Tuesday, June 26, 2012

An Encouraging Conflict

I love it when events emerge that brings a group of people to the point of challenging long-held, knee-jerk beliefs.

To this end, I've been watching the growing movement regarding food. While it certainly spans the political spectrum, I'm watching how it affects the left in particular, for the left tends to automatically demand regulation and zoning, insisting on limits on producer freedom in the name of safety and health.

But now people are wanting raw milk. Now they are wanting to grow food in the front yard instead of lawns. Now they want to have some chickens in their suburban backyards. They want these things often in the name of health, wanting to avoid the hormones often put into animals, or the pesticides in food. Or, they want to eliminate transportation and make food more green. Regulations and zoning are thwarting these desires in many areas.

For instance, selling raw milk in Indiana is illegal. If you want it, you can invest in 'cow shares', break the law, or go without. A Detroit area woman's story about facing jail for starting a garden in her front yard was big news last year.

Keeping chickens is coming into vogue. Zoning permits it in Indy, but not in Fishers where I live.

In speaking with local gardeners I am friends with in Fishers, several would like to raise chickens and/or garden in the front yard. They know the zoning is against them. In all likelihood, some will just break the law, while others will shrug with some disappointment and not raise the chickens or put rows of heirloom tomatoes out front. Eggs to all of your neighbors is an excellent form of 'hush money', I hear told.

My interest lies in seeing if those who want to be the law-abiding folks will press for elimination of zoning, changes to zoning, or variances. My hope is for elimination of zoning. I find that nothing tops talking with your neighbors with simple conversations to find if what you want to do would upset them. Now, we apply for permits, and don't talk to the neighbors. I prefer the former. These are the people you have to live with, not some plan reviewer in the Town building.

I suspect that we'll see tweaks in zoning, for the most part. My mother-in-law lives in uber-liberal Cleveland Heights, Ohio and was delighted at the their zoning changes, which cover everything from the food items to production of solar or wind energy on the home property. I'd accept this as a step in the right direction, but would prefer to see zoning eliminated, my home is my castle, screw the nanny state, and all.


Doug said...

Libertarians have never dealt well with the fact that actions you take on your property often have consequences that go beyond that property line. Talking to your neighbor is a great idea; but are you going to give your neighbor veto authority over your acts? If your neighbor is a tenant, who gets to make the decision for the neighboring property - the landlord whose property value goes down or the tenant or has to smell odors resulting from your use?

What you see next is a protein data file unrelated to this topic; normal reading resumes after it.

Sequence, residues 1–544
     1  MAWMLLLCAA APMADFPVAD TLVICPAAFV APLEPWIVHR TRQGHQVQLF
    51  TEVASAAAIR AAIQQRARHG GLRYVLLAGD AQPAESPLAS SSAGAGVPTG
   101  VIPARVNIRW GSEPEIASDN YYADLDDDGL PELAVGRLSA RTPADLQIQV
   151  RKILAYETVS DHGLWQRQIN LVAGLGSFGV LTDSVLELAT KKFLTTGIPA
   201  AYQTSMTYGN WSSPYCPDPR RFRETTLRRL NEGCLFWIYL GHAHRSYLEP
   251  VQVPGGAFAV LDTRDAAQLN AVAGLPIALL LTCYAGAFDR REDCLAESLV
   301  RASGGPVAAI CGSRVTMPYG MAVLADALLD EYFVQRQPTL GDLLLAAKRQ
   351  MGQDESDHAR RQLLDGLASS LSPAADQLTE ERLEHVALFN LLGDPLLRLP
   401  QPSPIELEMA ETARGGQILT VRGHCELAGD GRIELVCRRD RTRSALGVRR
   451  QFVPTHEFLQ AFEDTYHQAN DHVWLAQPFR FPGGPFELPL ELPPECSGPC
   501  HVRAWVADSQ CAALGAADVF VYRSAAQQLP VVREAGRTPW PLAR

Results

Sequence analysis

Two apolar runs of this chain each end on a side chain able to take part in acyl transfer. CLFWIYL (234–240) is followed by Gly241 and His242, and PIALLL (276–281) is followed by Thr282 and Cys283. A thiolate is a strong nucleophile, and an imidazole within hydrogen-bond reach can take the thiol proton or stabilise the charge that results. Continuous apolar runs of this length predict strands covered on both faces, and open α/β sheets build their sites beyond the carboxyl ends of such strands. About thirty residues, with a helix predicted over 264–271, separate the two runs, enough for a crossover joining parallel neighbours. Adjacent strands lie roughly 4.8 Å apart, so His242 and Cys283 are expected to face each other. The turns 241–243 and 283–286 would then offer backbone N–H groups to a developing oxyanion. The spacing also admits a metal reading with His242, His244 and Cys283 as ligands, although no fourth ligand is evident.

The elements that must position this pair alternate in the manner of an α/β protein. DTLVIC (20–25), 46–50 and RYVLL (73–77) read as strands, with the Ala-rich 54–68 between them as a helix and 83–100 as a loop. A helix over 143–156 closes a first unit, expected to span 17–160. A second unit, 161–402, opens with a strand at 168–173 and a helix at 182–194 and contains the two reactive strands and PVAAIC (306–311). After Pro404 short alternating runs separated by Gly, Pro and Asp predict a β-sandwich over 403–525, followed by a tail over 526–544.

Zoning laws are an imperfect, but useful approach to the fact that one use has an impact on neighboring property uses. Residential users don't want to suddenly find themselves next to industrial users; and the reality is that if an industrial user moves in next door, the residential owner can't just up and leave - not least because there are likely to be fewer interested buyers because of the neighboring industrial use.

Mike Kole said...

Really? I talk to my neighbors, and while I don't give them veto power, I do take their opinions into consideration. As I said, I have to live next to them. So, when I planned by garden, I did ask. Same with planting trees. That's respect. I'm not sure how that is 'not dealing well'.

The flip is the resident who doesn't talk to his neighbors, goes to the city and gets a permit, builds a horrid 6' solid fence, and when you say something to him responds with, "Well, I got a permit, and it complies with zoning", which is akin to, "fuck you, he reasoned". I have experienced this latter.

There is no utopia, no perfect. I'm seeing which method is more respectful. We may have rhetoric that speaks to the absolute, and desires towards same, but we tend to live in the real world. Hell- we don't have a single thing that's 100% our way. We're used to lives of compromise.

Al said...

Mike you may be interested in my friend The Ghetto Libertarian's post along a similar subject.

Do you REALLY own property?